JoAnne Northrop is the Museum's Director of Contemporary Art Initiatives. She walks past Frida Kahlo’s personal photographs of parents, injuries and inspirations.
“Drink tequila and have parties, hanging out with communist leaders and having affairs with men and women.”
When Kahlo died, husband Diego Rivera locked these pictures in a closet. When they were discovered 50 years later, the Nevada Museum of Art was the first to request to show them, believing they would appeal to Nevada’s hispanic population.
The museum offers activities for children while parents like Lucia Ribas browse Kahlo’s photos. She’s sure what to say about Kahlo’s personal side.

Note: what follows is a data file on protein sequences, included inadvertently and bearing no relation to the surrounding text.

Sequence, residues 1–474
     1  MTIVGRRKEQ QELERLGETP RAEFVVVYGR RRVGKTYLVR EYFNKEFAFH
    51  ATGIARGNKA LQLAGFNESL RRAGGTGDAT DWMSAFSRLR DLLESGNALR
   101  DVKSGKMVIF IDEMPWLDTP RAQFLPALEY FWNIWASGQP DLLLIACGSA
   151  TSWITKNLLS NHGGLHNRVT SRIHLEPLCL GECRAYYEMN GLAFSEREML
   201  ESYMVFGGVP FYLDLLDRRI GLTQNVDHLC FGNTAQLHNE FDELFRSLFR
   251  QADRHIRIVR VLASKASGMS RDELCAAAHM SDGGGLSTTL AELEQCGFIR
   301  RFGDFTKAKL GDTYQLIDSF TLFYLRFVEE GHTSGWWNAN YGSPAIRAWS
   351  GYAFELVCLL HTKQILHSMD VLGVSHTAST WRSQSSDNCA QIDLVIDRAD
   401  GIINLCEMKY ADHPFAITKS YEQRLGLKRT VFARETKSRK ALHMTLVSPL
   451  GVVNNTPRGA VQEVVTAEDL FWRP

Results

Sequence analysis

“Es bueno que nos da informacion . . .”
“It’s good that we have information for our children,” she says, “So that they learn our past and that serves me very well too.”
The exhibit closes February 24, then travels to various European nations and Australia.